I was hoping people could comment on how they handle the following scenerios:
1. Storing the last successfully processed messageId/Offset. Are people using mysql, redis, etc.? What are the tradeoffs here?
2. How do you handle recovering from an error while processesing a given event?
There are various scenerioes for #2, like: 1. Do you mark the start of processing a message somewhere, and then update the status to complete and THEN update the last messaged processed for #1? 2. Do you only mark the status as complete, and not the start of processing it? I guess this depends of there are intermediate steps and processing the entire message again would result in some duplicated work right?
Our systems are idempotent, so we only store offsets when the message is fully processed. If this means we occasionally replay a message due to some corner-case, or simply a restart, it doesn't matter.
Philip On Mon, Dec 9, 2013 at 12:28 PM, S Ahmed <[EMAIL PROTECTED]> wrote:
Say am I doing this, a scenerio that I just came up with that demonstrates #2.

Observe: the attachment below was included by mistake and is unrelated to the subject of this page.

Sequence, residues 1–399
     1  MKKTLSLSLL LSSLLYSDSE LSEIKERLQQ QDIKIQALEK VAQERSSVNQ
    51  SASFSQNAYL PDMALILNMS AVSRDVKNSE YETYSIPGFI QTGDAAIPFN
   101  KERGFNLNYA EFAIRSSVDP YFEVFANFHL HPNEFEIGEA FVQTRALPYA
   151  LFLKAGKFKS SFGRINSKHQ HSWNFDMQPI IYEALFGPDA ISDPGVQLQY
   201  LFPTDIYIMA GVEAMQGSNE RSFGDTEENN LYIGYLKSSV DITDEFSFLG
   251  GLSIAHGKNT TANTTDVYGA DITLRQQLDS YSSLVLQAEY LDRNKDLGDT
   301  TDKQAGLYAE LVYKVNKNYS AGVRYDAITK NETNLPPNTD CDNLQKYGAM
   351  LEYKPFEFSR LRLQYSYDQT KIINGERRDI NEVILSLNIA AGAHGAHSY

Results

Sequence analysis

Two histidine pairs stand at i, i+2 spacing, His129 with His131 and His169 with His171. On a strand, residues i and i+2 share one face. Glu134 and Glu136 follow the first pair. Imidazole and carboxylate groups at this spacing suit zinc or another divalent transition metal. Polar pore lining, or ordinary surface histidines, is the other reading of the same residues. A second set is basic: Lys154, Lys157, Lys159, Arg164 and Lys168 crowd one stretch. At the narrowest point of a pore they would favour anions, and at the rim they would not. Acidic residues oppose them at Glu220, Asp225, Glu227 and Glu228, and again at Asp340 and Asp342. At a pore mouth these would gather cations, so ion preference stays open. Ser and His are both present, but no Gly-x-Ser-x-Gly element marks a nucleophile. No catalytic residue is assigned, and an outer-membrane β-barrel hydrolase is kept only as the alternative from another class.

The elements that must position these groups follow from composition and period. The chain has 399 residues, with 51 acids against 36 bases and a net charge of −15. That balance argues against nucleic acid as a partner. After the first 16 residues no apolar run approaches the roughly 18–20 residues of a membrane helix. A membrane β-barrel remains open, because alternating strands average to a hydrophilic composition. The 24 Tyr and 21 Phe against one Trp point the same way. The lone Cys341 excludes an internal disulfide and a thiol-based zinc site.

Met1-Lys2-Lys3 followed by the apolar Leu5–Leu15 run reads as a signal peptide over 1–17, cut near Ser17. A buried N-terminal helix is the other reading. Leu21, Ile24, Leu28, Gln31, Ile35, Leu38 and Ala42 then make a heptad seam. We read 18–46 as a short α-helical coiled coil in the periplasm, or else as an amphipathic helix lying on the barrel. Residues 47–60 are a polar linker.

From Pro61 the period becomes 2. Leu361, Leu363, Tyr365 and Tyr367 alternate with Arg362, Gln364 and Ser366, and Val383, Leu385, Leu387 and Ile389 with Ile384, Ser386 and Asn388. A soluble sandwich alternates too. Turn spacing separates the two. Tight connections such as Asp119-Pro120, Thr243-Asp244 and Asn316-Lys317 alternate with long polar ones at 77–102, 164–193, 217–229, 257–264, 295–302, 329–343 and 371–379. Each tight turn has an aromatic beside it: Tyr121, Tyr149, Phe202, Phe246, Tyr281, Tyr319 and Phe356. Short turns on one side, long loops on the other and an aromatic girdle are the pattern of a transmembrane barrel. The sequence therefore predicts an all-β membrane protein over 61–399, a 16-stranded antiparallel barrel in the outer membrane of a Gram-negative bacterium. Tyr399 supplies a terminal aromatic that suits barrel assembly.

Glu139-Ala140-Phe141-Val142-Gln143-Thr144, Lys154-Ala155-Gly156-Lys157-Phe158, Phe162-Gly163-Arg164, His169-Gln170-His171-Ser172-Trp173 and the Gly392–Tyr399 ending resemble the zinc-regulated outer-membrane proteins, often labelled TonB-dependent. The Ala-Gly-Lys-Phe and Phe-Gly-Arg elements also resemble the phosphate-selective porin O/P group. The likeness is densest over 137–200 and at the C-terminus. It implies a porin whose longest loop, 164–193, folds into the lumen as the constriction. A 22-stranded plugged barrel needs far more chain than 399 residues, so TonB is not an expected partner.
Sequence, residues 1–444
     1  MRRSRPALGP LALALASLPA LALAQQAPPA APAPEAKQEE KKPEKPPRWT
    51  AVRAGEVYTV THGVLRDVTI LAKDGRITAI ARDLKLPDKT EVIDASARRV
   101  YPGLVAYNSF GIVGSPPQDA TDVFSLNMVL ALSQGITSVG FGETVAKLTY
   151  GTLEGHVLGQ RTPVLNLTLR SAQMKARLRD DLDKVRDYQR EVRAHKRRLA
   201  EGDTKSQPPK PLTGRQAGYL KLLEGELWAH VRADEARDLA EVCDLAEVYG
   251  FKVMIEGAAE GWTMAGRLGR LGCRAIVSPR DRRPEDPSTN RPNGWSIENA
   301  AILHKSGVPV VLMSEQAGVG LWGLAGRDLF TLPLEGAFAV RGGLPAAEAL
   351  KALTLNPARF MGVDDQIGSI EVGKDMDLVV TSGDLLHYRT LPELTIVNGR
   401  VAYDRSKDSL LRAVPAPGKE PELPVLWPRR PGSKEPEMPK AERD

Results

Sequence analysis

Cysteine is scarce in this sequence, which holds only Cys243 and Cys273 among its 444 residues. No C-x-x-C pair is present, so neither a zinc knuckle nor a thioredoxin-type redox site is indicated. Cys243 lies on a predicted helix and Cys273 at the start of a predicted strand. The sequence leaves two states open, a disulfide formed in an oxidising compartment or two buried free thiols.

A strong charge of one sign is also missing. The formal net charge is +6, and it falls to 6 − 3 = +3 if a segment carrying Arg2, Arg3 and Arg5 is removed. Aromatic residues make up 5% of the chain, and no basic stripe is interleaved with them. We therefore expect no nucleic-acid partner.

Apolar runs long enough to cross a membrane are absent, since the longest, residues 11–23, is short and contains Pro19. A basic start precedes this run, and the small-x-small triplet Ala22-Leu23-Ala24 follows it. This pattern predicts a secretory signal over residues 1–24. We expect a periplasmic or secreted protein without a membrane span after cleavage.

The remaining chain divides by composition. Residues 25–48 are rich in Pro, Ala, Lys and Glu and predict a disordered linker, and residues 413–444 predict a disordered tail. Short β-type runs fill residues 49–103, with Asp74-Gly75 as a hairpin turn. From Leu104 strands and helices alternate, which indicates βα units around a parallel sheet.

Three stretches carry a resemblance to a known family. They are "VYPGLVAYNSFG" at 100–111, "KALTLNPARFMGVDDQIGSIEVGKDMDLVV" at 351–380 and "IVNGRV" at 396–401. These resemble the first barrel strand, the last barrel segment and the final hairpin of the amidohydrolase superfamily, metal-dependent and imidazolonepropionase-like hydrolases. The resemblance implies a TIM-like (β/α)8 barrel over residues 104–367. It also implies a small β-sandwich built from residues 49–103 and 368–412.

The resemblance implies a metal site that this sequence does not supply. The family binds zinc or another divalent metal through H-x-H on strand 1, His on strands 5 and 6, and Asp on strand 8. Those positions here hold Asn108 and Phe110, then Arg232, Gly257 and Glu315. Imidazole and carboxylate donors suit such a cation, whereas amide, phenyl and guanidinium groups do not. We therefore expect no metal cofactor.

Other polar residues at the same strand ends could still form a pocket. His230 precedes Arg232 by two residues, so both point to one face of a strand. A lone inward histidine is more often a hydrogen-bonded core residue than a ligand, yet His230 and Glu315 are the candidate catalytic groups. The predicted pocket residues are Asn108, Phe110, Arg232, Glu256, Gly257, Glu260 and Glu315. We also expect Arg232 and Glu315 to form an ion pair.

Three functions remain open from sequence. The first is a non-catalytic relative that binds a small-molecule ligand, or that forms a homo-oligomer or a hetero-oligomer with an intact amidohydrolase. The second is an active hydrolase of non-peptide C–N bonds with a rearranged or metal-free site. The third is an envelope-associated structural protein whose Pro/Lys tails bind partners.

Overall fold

Someone signs up on a website, and you have to:
1. create the user profile 2. send email confirmation email 3. resize avatar Now once a person registers on a website, I write a message to Kafka.
Now I have 3 different things to process (1,2,3), if I get to #2 and then the server loses power, if I replay, I will re-send the confirmation email 2 times. Sure in this case its not that big of a deal, but just pretend it is, what should be done?
I guess I have to keep track of state then per step in ZK right? I mean that's the only way so I guess I am answering my own question but was hoping for people with real-life experience to chime in.
I could write 3 messages to kafka, but maybe order is important :) On Mon, Dec 9, 2013 at 3:31 PM, Philip O'Toole <[EMAIL PROTECTED]> wrote:
When using ZK to keep track of last offsets metrics etc., how do you know when you are pushing your ZK cluster to its limit?
Or can ZK handle thousands of writes/reads per second no problem since it is all in-memory? But even so, you need some idea on its upper limits and how close you are to that limit etc. On Mon, Dec 9, 2013 at 3:31 PM, Philip O'Toole <[EMAIL PROTECTED]> wrote:
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